“Carbon markets will help create a dedicated revenue stream which can then be utilised to support the commercial maturity of yet-to-be-realised technologies such as carbon capture and hydrogen,” said Iannelli. “Such a system is a market-based mechanism, which means that the government controls the quantity of allowances but does not control the price. This enables major-emitters to invest in their decarbonisation and at the same time enable a circular economic cycle.”
The presence of a local market also helps bolster the green credentials of globally competitive UAE firms. The Carbon border adjustment mechanism is a border fee imposed by the European Union on carbon intensive imports such as heavy metals, cement and fertiliser, and will come into effect in phases from 2023. This is expected to have an impact on UAE-based entities and their suppliers.
By retaining carbon credits and trading within the local economy, UAE-based entities can reduce their overall footprint and thus face lower tariffs in markets such as the EU.
“It’s simple: I invest in the country and the country invests back in me,” said Iannelli.
The construction industry also sees benefits in the establishment of a local carbon market.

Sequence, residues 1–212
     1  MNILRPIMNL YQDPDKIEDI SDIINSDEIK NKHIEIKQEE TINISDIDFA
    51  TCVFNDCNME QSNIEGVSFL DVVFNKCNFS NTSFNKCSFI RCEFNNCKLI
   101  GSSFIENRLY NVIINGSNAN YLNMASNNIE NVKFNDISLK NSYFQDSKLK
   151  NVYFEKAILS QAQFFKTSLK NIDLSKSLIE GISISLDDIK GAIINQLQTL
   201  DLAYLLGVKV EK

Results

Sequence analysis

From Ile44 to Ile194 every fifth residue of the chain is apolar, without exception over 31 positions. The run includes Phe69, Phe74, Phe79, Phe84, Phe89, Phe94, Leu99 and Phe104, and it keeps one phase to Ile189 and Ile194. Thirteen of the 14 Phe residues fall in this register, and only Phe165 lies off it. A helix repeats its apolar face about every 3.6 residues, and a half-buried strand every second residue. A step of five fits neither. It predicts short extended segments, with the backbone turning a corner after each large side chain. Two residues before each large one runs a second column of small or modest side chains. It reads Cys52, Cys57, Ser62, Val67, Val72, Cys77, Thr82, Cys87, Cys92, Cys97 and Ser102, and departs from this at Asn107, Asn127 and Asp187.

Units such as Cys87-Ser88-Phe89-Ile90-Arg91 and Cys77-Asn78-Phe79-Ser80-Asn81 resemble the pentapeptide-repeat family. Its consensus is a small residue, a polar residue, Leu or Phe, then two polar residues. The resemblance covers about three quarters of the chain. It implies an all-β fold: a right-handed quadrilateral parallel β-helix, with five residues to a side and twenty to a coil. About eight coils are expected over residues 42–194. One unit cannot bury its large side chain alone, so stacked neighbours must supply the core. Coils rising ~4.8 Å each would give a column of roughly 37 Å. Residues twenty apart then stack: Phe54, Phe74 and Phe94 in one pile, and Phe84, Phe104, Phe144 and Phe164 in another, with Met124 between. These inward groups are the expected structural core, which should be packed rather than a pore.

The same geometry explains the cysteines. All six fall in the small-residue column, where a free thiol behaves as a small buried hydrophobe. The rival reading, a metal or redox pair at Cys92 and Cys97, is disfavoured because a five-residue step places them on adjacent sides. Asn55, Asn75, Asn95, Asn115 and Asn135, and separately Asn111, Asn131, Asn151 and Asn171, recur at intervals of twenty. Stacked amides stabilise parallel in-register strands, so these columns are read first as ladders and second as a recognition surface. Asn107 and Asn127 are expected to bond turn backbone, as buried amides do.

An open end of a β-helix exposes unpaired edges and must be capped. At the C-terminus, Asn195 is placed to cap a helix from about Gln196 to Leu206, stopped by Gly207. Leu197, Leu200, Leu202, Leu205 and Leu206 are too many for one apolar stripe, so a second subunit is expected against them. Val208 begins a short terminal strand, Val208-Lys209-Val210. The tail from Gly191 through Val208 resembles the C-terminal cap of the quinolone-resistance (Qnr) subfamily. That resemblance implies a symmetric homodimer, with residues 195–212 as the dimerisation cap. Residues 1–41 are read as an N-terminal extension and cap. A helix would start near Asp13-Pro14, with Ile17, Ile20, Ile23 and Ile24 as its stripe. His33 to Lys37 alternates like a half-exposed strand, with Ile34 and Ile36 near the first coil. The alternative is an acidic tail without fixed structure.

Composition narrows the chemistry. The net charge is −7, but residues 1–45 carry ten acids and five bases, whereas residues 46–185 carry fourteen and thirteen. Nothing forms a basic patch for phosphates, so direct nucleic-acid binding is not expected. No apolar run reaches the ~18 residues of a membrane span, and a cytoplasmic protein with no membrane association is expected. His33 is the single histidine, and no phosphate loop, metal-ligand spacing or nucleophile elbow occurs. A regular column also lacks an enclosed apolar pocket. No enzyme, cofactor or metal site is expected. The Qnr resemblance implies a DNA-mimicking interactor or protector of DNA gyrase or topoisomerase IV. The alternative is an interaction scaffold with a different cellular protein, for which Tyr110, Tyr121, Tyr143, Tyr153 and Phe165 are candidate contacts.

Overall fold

“One of the questions we often get from our clients in the built environment sector is why we do not have local carbon factors or benchmarks,” said Naz. “By building a local carbon market, we will be able to have carbon factors of local materials, which helps us regionalise the whole picture.”
- A net-zero goal or target means that an individual, company, or country has reduced its GHG emissions as much as possible and has offset the remaining emissions through activities such as carbon capture, reforestation, or the purchase of carbon credits. The aim is to balance the amount of GHGs emitted with the amount removed from the atmosphere.
- Carbon neutral means having a net zero carbon footprint, which means that the total amount of carbon dioxide released into the atmosphere is equal to the amount removed. This can be achieved through a combination of reducing emissions and offsetting the remaining emissions through activities such as carbon credits.
- Climate positive refers to actions or initiatives that not only reduce GHG emissions to zero, but also actively remove more carbon dioxide from the atmosphere than they emit. For example, planting trees, which absorb carbon dioxide through photosynthesis, can be considered a climate positive action.
- GHGs are categorised into three groups or scopes. Scope 1 covers direct emissions from owned or controlled sources, such as fuel combustion or company assets. Scope 2 refers to indirect emissions from elements such as purchased electricity, cooling and so forth. Scope 3 covers all indirect emissions that occur in the value chain of the reporting company, including both upstream and downstream emissions. This includes purchased goods and services, logistics, employee community etc.
- Carbon markets are trading systems that allow emitters to offset their unavoidable emissions by purchasing carbon credits emitted by projects targeted at removing or reducing GHG from the atmosphere.